Texas Judge Indicted on Felony Weapons Charges Following Road Rage Incident

District Judge Guy Williams, 67, is taking in the view from the other side of the bench after being indicted on two second-degree felony counts of aggravated assault with a deadly weapon. The charges stem from a road rage incident involving the judge back in April of this year.

“How would you like to plea, guilty or not guilty?” asked Sid Harle, a judge from Bexar County who was assigned to preside over the case.

“Not guilty, your honor,” Williams replied.

Williams is being accused of attempting to run a motorist off the road while pointing a gun at the occupants of the car on April 28th.

Williams has been involved with a couple other road rage incidents which all have been settled without any court appearance or charges. Two of the incidents, one in 2013 and the other in 2015, Williams claimed to be the victim and was a “very courteous driver”.

The Caller Times reports:

Williams is suing Fulton Construction and its owner, Phillip Skrobarczyk, over an incident from 2015, when Williams’ Mercedes allegedly struck another vehicle that Skrobarczyk was driving. Williams claims that Skrobarczyk hit him.

The incident happened around Mexico and Antelope streets. According to a police report, Skrobarczyk and several others who were riding with him, told police they saw a white Mercedes driving in an access road “(swerve) across the two lanes at a high rate of speed and turned onto Mexico (Street), striking their vehicle.”

The car’s occupants and Williams filed separate police reports.

In the most recent incident involving Williams, a female called 911 on April 28. The caller indicated that the driver of a Mercedes attempted to run her off the road. Corpus Christi police responded to the call and Williams claimed he did nothing wrong.

The Corpus Christi PD referred the case to the Texas Rangers for investigation to avoid any conflicts in interest. The Nueces County District Attorney’s office referred the case to the Attorney General’s office.

The judge’s bond was set at $25,000 which was posted by his attorneys the same day.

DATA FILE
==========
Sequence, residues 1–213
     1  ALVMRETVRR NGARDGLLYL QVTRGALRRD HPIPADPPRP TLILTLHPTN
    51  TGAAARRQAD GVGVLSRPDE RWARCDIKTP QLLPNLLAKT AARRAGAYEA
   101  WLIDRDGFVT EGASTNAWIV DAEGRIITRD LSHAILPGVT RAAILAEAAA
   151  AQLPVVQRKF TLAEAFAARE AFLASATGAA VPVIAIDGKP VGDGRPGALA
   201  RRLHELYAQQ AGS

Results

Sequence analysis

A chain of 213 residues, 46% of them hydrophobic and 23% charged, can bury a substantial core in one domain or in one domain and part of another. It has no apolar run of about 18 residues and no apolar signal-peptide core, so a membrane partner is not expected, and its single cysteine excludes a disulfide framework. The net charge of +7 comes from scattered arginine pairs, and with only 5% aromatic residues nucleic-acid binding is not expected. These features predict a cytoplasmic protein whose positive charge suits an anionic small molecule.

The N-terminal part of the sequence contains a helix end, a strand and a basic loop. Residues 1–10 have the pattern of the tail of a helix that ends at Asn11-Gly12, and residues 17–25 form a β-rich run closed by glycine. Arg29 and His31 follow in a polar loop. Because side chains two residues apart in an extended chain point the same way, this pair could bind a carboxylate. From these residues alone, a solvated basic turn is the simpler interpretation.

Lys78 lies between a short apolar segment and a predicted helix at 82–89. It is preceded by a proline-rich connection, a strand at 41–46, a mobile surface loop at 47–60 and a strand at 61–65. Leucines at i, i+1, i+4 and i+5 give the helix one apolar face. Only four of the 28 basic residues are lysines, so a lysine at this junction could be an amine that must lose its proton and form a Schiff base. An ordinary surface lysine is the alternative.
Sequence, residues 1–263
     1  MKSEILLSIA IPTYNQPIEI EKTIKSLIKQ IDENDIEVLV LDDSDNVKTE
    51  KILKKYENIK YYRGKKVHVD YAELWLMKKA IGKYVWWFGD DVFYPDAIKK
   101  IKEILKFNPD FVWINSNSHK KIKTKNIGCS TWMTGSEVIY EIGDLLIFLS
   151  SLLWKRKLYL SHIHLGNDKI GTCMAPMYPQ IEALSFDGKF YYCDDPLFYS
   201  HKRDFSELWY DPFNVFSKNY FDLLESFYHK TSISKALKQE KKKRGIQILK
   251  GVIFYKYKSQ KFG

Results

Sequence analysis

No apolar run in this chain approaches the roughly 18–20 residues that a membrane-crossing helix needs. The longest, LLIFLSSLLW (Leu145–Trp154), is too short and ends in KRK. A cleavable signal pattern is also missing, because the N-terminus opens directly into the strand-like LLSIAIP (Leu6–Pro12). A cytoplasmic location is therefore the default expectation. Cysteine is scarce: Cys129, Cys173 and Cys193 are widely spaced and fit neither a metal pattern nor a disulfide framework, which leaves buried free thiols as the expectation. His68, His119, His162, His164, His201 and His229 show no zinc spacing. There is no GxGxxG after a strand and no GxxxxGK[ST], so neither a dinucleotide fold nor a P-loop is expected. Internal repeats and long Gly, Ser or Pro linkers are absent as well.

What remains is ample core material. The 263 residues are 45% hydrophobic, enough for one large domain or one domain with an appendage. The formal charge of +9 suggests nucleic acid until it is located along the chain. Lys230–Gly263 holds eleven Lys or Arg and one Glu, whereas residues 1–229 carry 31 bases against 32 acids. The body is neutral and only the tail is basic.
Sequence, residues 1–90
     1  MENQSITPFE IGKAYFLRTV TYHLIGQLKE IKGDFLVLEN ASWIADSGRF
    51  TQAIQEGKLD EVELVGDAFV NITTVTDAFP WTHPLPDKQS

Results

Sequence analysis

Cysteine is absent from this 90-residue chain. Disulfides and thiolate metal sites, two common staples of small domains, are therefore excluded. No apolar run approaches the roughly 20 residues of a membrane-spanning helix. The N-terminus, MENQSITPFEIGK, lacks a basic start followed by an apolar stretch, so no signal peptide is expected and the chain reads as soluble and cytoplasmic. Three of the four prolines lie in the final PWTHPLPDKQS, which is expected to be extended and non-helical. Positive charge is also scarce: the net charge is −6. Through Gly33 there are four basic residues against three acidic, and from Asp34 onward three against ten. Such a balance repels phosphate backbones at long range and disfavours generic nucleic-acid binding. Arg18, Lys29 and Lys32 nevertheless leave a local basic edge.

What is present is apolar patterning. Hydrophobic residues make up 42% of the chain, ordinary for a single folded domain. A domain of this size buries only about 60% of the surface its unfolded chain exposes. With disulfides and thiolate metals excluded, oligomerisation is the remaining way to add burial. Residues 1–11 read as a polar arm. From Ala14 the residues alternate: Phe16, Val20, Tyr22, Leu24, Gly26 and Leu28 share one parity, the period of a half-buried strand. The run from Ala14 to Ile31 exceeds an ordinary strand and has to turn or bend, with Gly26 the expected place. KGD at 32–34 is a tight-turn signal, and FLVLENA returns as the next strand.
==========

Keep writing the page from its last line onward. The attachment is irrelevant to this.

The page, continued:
One condition of the judge’s bond required that he hand in all of his firearms. The duge argued that he received many threats on his life and that of his family and needed a weapon at his home. The judge denied his plea and stated that police officers were available in the event that he would need it.

“Y’all are going to require that I give up all my firearms, even in my household?” Williams asked of the court.

“Yes sir. That’s a standard condition of bond here, that’s what they tell us,” Harle replied.

“Well, I’ve had violent threats levied against me, so y’all are leaving me at home without protection,” Williams said.

Back in August, Williams resigned from his post as the presiding judge for the local Council of District Judges. Williams did not offer a reason for his resignation but many speculate that his road rage incidents, including the most recent one, have something to do with it.

Williams’ excuse for his road rage incidents reek with entitlement claiming that people are hating on him because of his white Mercedes.

“People don’t like a Mercedes zipping past them, I don’t think,” Williams told the Caller-Times in May. “Ever since I got that white Mercedes I’ve noticed people don’t like people driving a white Mercedes.”

Williams says he bought the Mercedes as a reward for himself for taking the bench back in 2011.

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